Haroon Siddiqui, Editorial Page Editor at the Toronto Star, recounts the same trend in Canada. He laments his “greatest personal disappointment of my colleagues who became mere PR (public relations) agents for the army and for the invasion”. 

But the negative portrayals of Muslims did not begin with 9/11, Siddiqui and others say. “Politicians and public opinion did not all come to the conclusion that Muslims are terrorists only after 9/11. The negative portrayals of Muslims were exacerbated by the events of 9/11. It’s a through-line that starts with the 1967 Six Day War, Israel launched an attack on Egypt, Syria, Jordan and Iraq,” says Alsultany. “We start seeing the portrayal of Palestinians as terrorists and Israelis defending democracy.”   

Rooted in history

In 1973, the Arab embargo and Arab states protests over the US’s support of Israel, brought the image of Arabs being greedy and threatening the American economy. 

In 1979, the Iran hostage crisis led the narrative which framed Iranians as being violent and a threat to the US. 

In 1996 - still well before 9/11 - the Oklahoma City bombing occurred and the media made the assumption that the perpetrator of this attack was from the Middle East.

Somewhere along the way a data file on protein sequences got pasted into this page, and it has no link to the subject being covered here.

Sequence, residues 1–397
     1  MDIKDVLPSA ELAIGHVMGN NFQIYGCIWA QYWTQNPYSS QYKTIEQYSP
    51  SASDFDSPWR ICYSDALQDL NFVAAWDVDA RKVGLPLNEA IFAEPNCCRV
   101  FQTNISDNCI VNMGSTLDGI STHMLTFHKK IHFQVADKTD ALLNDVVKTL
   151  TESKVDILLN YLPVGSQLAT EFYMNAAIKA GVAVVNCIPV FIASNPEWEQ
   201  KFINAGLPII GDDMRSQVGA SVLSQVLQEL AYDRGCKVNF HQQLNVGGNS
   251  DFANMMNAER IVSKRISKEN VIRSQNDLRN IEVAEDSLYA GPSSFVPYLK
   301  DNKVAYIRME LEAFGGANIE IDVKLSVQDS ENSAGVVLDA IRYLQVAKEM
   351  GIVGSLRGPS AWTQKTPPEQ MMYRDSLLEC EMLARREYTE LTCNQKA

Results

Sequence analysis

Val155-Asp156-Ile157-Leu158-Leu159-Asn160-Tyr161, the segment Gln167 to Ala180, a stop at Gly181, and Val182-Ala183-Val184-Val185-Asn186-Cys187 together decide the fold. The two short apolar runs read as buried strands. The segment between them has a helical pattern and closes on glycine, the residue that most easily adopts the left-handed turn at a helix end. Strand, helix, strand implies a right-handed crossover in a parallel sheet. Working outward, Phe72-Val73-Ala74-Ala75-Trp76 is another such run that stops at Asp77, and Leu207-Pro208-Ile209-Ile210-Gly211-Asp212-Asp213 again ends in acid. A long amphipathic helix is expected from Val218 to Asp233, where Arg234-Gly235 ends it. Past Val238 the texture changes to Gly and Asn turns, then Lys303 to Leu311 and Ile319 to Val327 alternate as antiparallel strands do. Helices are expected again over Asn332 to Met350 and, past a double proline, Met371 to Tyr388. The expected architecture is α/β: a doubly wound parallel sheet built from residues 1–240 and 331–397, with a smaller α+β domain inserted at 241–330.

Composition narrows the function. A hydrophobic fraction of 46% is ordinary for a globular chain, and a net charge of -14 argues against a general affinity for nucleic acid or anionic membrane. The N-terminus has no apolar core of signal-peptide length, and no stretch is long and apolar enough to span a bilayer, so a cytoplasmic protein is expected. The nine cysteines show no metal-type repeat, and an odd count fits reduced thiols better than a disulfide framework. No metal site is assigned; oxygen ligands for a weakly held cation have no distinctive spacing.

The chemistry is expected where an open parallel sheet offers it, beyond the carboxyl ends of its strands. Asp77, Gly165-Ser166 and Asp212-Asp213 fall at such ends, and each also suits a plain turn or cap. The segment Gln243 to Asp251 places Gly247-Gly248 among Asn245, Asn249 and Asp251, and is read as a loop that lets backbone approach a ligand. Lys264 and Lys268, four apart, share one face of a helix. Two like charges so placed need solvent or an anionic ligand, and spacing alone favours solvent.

“And so, by the time we get to 9/11, we have already associated the Middle East with violence and terrorism that threaten democracy,” says Alsultany.

Twenty years after 9/11, we continue to see the same coverage of Muslims and of terrorism. 

This was demonstrated by a study, published in 2015, which examined New York Times (NYT) articles published between 1990 and 2014. The study concluded that the NYT associated Muslims with the collective responsibility for terrorism.

In 2018, a University of Alabama study found that US media coverage of acts of violence increased by 357 percent when these acts are committed by Muslims. 

Recent news coverage about ISIS is also instructive. Elghawaby reflects that when the coverage of ISIS started to dominate the news, news media referred to the group as “the Islamic State”. She remembers writing an op-ed about how we should be using the term Da’ish to describe ISIS because that is the name they use in Arabic - but to no avail. “There was insistence on the use of  the term Islamic State. It serves ISIS but it stigmatises our entire community,” she says.

Susan Sontag
The late American writer Susan Sontag attends the promotion of her book, "In America" November 26, 2002 at America House in Madrid, Spain. Sontag attracted criticism after suggesting that the 9/11 terrorist attacks had been "undertaken as a consequence of specific American alliances and actions", in an article for the New Yorker published in September 2001. (Photo by Carlos Alvarez/Getty Images) 

When stories about Muslims seem always to be about terrorism 

Growing up Muslim in a post-9/11 world has been difficult. Farah Eltohamy was only one year old when 9/11 happened, so she grew up surrounded by this type of coverage of Muslims. 

Eltohamy, who is now now a fellow at the Texas Tribune, recalls that whenever she sees stories about Muslims, Islam or the Middle East; it always seems to be about terrorism. “I knew that “we” were the threat, knew that “we” were the outsiders that no one wanted. And it's a very tough thing to grow up with,” says Eltohamy.